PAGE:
Engineering a Balanced Diet? Hormone FGF21 Promotes Protein Preference

May 13, 2019

To function daily, your body gleans energy from three food-derived macronutrients: carbohydrates, fats and proteins. How you divvy up those macronutrients in your diet is a matter of personal preference. But what if you could train your brain to prefer one macronutrient over the other? In a study appearing in EndocrinologyRyan and her colleagues, including Molecular, Cellular and Integrative Physiology Ph.D.

Discovering Curiosity: Fighting Neuromuscular Disorders with New Faculty Lucas Smith

April 18, 2019

In debilitating neuromuscular disorders, like muscular dystrophies and cerebral palsy, the body’s muscles scar, turning fibrotic and stiff. “What’s not really understood is how the scar tissue ends up making such a stiff muscle,” said Assistant Professor Lucas Smith, Department of Neurobiology, Physiology and Behavior. “For us, it might take intense exercise or resistance training to cause a bit of damage, which elicits a regenerative response. In dystrophic conditions, just typical muscle contractions can damage the muscle and that chronic injury leads to fibrosis.”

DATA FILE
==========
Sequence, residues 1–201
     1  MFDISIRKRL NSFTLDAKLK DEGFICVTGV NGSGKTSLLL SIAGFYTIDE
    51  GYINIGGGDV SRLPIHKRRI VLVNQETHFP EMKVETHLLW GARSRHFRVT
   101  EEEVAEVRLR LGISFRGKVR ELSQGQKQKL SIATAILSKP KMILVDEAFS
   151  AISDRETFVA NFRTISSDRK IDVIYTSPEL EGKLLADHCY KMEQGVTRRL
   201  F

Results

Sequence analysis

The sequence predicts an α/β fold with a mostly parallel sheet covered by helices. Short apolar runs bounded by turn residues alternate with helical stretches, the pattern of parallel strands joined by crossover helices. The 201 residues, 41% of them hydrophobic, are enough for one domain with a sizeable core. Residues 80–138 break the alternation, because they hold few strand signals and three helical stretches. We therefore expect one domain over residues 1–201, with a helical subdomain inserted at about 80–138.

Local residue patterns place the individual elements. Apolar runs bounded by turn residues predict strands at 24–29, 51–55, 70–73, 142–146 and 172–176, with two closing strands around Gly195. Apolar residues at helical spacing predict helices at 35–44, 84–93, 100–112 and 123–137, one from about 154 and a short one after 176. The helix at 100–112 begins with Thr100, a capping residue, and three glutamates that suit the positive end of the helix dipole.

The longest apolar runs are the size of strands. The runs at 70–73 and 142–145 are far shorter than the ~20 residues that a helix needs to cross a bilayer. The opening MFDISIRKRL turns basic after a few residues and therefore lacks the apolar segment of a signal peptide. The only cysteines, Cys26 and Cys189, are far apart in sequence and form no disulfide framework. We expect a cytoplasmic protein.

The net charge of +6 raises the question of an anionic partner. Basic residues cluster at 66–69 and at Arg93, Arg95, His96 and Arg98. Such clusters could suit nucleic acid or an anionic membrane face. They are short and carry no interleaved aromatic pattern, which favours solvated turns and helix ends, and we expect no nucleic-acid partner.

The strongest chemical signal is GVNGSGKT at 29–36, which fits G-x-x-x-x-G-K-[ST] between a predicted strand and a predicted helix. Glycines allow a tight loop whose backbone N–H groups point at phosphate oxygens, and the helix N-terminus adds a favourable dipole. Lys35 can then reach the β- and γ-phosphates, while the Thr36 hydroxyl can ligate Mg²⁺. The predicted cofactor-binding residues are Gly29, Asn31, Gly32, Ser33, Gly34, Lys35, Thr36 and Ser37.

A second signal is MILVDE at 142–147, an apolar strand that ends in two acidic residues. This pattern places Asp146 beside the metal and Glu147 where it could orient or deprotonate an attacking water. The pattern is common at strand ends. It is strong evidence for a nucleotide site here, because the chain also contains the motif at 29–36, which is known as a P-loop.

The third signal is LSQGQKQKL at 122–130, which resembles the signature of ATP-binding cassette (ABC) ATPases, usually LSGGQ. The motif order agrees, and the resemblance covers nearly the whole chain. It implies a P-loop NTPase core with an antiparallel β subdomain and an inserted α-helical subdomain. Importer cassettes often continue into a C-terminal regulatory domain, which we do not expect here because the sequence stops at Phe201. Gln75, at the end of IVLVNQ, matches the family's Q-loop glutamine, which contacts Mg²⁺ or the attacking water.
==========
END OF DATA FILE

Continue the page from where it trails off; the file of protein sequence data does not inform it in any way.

UC Davis Research on Gravity Predates Men Landing on the Moon 50 Years Ago

October 22, 2018
NASA has invested millions of dollars in UC Davis research, working with UC Davis biologists, engineers, physiologists, psychologists and other researchers to study life in space — whether that be studying space itself, the effects of gravity, getting there, staying there or surviving there.

From Molecules to Minds: UC Davis neuroscientists advance learning and memory research to decode how our brains work

August 21, 2018
How does learning occur? And how do we remember what we learn? These are the fundamental questions researchers at the UC Davis Center for Neuroscience are asking. To find answers, they’re investigating the brain at many levels—from the smallest molecules that make our brains work to the thought patterns that give our world meaning.